A mystery regarding the Jerusalem bulldozer terror incident has been cleared up. The unusual gag order restricting publication of the name of the hero who foiled the attack was requested by ‘Mem’ himself. His reasons? The same yeshiva-inculcated religious values that caused him to spring into action unarmed and risk his life to confront a marauding terrorist:

One of the first phone calls made by the soldier in the Egoz unit who ultimately killed Duwiyat – after he was wounded by a policewoman – was to the soldier’s brother-in-law, David Shapira – the army officer that killed the terrorist who infiltrated Merkaz Harav. Shapira, now an officer in the Paratroops Brigade, was in the midst of an exercise in the Golan Heights this week. At the same time, an initial report about the attack in Jerusalem was passed along the chain of command, from Egoz to the Golani Brigade and onward. “That’s the Egoz mentality,” said one senior officer. “They’re taught to be that way from their first week of basic training.” And it was, in fact, such a soldier, who had just completed his basic training and was on his first regular furlough, who knew how to establish contact, storm the terrorist and finally end the rampage, although a large number of older police officers were also around.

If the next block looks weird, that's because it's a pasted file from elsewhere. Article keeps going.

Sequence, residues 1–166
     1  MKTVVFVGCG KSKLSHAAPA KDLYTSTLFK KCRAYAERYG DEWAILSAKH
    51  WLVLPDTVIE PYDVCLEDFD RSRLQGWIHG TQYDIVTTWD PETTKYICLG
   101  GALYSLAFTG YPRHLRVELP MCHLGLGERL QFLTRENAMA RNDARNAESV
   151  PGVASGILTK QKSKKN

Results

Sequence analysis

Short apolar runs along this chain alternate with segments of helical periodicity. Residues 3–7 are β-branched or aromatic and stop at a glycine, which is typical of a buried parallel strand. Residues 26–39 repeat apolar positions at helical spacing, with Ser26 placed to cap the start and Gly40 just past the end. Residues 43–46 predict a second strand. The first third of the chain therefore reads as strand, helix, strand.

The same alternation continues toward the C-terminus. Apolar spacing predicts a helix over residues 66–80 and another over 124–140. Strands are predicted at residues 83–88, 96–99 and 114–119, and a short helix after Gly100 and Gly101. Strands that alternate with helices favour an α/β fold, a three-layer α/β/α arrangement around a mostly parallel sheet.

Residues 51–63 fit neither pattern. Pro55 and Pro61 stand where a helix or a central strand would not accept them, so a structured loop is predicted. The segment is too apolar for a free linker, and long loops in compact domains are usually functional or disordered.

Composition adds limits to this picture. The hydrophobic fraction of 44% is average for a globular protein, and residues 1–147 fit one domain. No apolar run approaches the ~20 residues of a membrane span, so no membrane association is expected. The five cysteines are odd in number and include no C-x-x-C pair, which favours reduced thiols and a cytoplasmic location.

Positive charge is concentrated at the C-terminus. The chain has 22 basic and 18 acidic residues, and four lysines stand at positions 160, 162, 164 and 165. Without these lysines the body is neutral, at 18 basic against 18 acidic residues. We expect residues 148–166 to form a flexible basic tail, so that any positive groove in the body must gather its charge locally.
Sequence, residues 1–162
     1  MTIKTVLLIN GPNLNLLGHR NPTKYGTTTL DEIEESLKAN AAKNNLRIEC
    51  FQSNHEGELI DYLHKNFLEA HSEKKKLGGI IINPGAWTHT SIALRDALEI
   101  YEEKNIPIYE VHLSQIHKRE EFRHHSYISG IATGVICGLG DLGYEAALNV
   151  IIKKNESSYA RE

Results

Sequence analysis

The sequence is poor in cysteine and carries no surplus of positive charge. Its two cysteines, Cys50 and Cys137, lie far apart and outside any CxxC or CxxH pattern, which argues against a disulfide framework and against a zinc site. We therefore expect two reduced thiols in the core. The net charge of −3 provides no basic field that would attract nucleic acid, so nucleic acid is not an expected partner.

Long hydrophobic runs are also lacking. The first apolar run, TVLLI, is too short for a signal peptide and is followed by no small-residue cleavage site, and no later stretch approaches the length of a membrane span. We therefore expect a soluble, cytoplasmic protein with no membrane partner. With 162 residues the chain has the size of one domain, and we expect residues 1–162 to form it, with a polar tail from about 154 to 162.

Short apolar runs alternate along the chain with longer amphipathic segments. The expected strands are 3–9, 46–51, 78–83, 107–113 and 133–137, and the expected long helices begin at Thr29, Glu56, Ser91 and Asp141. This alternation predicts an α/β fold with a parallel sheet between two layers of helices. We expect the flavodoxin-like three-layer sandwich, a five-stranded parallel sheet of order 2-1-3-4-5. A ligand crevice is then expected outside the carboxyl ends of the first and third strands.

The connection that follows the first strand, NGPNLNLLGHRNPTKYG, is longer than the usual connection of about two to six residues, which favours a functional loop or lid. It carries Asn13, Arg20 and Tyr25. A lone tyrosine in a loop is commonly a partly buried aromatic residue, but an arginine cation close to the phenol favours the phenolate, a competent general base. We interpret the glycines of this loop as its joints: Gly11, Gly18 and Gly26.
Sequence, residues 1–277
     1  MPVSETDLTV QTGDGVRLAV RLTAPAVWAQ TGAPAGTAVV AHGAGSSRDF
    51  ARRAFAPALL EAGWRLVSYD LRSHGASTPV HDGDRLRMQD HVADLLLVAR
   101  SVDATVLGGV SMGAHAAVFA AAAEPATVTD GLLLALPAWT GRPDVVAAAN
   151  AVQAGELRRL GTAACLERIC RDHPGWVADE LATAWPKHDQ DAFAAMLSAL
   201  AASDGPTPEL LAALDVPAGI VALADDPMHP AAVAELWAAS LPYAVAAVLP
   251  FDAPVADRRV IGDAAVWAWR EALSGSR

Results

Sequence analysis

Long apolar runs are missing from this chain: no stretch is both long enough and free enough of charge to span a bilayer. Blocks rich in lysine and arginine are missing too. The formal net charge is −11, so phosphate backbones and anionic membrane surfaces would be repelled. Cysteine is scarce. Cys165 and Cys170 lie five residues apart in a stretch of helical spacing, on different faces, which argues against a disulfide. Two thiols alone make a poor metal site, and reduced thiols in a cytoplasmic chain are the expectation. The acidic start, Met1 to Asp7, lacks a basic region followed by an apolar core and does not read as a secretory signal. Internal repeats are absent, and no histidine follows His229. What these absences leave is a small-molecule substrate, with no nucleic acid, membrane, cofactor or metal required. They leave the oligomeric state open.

Shapira had one piece of advice for his brother-in-law: “Stay away from reporters.” The Egoz soldier followed these orders. He wrote a brief description of the event, read it into the Israel Defense Forces spokesperson’s tape recorder, and avoided any further contact (which didn’t stop some media outlets from presenting his comments as if made in an interview). Later, just to be certain, the soldier requested a gag order be put on his name and his photo, although they had already appeared extensively in Israel and abroad following the attack.

Haaretz’s contention that a few months of IDF service were responsible for inculcating his life-risking values is silly. He spent many years in yeshivas, where he practice sacrificing the desires of the body for the dictates of the spirit.

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